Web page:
CHEAP TRICK: STANDING ON THE EDGE (1985)
1) Little Sister; 2) Tonight It's You; 3) She's Got Motion; 4) Love Comes; 5) How About You; 6) Standing On The Edge; 7) This Time Around; 8) Rock All Night; 9) Cover Girl; 10) Wild Wild Women.
Truest album title ever — this is a huge letdown compared to Next Position Please, but if we keep in mind the horror that would follow on its heels, then 1985 does present the band as truly «standing on the edge», before taking the final plunge the following year. Ironically, they are turning back to Jack Douglas here for production, so you'd think the idea was to try and recapture the spirit of their very first album. But in 1985, that just wasn't meant to be. The musical values had changed, the atmospheric demands had changed, and the production standards had «progressed» towards the point when, during the final stage, mixer-extraordinaire Tony Platt came in, mixed the plastic keyboards higher than Nielsen's guitar, put a whole load of ear-splitting electronic effects on Bun E. Carlos' drums (so much so that Carlos allegedly asked to be credited for «acoustic drums» to preserve his reputation), and made it all sound like a bunch of loud, chaotic, and essentially tuneless party-rock with a hair metal flavor.
Of course, we should never place all the blame on the producer. Nielsen and Zander still co-write most of the songs — and they also allow them to be «doctored» by a guy called Mark Radice, who plays the awful keyboards and shares the credits for 8 out of 10 numbers here; considering that his previous work expertise included collaborations with Michael Bolton and Barry Manilow, you can probably understand what that means even without assessing his contributions for the Tricksters. As for the «spiritual content» of the songs, it is largely confined to the same two styles that, although directly contradicting each other, formed the bulk of any popular rock artist's repertoire at the time — cock-rockers and power ballads.
I am not saying that the songwriting is totally abysmal. If you can stand the production long enough to submit yourself to 3-4 listens, it becomes clear that the guys are still inspired by classic pop and R&B: ʽHow About Youʼ, for instance, hops along to the beat of ʽEverybody Needs Somebody To Loveʼ (been watching a tad too much of The Blues Brothers, eh?); ʽLittle Sisterʼ borrows the verse melody of the Stones' ʽ19th Nervous Breakdownʼ; and ʽCover Girlʼ is — theoretically — an exuberant power pop anthem whose roots lie in the classic singles of The Who; the problem is that you have to adjust your ears past several layers of glossy noise and noisy gloss to understand this, and with this kind of derivativeness, the playing style, the arrangement, and the mix are super-important. And they're awful.
The most bombastic and sentimental track on the album, ʽTonight It's Youʼ, was chosen as the lead single, and it even managed to temporarily put them back on the charts — at the expense of drying the last drops of irony and intelligence, leaving behind a completely straightforward serenade, capable of waking the neighbors for miles around by way of the electronic drum cannonade and hideously overdriven acoustic guitars that merge with the synthesizers in one silky-glossy whole. It's got a solid construction, for sure, rising from a slow start to a desperate mid-section to the bombastic knight-in-shining-armor chorus, but everything is so obviously calculated that I am not sure how it would be possible to praise this song and put down any given Aerosmith power ballad at the same time — and since I have already done the latter, I am obliged to refuse the former. Which is, by the way, quite easy for me, because I have yet to experience a real tear flowing down my cheek as Zander's voice, singing "all I want is a place in your heart to fall into!", cuts me to the bone and presents the very idea of romantic love in a completely new light. (Also, doesn't Zander have to reduce himself to microscopic proportions in order to achieve this?)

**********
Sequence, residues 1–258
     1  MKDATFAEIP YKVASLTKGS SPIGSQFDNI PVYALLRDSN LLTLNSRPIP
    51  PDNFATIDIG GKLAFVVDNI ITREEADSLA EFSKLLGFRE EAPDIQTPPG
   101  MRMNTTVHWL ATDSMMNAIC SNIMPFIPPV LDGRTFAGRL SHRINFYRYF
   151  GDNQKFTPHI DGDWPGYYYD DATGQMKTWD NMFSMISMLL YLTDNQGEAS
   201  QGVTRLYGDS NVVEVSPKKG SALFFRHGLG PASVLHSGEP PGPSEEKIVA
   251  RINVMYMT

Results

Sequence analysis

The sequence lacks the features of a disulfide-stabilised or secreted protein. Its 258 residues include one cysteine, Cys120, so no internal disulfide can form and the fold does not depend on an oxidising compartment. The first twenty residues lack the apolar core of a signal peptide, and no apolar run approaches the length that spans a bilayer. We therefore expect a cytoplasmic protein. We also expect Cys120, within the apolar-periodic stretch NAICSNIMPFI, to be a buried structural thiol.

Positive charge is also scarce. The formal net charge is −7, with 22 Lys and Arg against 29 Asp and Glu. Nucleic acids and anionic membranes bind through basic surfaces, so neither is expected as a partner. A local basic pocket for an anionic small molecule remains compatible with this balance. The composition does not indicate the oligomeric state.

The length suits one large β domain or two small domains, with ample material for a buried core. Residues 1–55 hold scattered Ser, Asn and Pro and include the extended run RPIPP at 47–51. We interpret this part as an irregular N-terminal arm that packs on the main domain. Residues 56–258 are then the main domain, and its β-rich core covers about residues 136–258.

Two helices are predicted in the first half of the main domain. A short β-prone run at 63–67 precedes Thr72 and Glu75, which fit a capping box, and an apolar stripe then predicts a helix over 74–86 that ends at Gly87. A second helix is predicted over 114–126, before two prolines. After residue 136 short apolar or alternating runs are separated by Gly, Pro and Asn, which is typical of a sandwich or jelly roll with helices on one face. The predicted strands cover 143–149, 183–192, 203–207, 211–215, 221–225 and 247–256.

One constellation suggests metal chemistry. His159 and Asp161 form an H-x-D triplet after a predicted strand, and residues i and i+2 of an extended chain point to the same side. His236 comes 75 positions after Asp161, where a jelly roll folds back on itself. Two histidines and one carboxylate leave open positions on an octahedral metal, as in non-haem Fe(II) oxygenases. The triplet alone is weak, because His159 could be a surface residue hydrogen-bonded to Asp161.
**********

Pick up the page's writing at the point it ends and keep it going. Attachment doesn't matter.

Ultimately, I'd rather go with the playful stuff like ʽLittle Sisterʼ and ʽCover Girlʼ and ʽHow About Youʼ, all of which could be very decent tracks with less obnoxious production. But sometimes they go decidedly over the top with the playfulness — ʽShe's Got Motionʼ, somehow forgetting about the romanticism of ʽTonight It's Youʼ, plunges into the joys of totally casual sex and features one of the most absurd musical imitations of the love-making process ever recorded in the history of poodle-metal; and then there's ʽRock All Nightʼ, which was probably the band's worst song recorded up to that point — both of these tunes are a good preview of the sonic nightmare of The Doctor, and the most horrible thing about it is that Nielsen and Zander probably thought that with this crap, they were essentially doing their usual loud-and-ironic schtick. Loud, yes, but any sense of irony is completely lost — atmosphere-wise, this stuff is indistinguishable from your average Def Leppard or Mötley Crüe: really, what is the difference between ʽGirls, Girls, Girlsʼ and ʽWild Wild Womenʼ? Okay, so there's probably no need to hate either, but they're all just leftover curios from the AIDS decade.
No thumbs down, though, for a couple of reasons — they go real easy on the power ballads for now, and I like it how even through all the sonic muck you have these echoes of traditional Sixties-style melodicity every once in a while. Indeed, I can easily imagine at least half of these songs done really well: maybe if they'd thought about re-recording them during or after their period of musical convalescence, the results would be more impressive than with the actual new material they penned in the 21st century. But instead, I think they ultimately just forgot this record ever existed — ʽTonight It's Youʼ seems to be the only song from here that keeps cropping up in their live shows. Too bad, I'd rather it be ʽLittle Sisterʼ or ʽCover Girlʼ.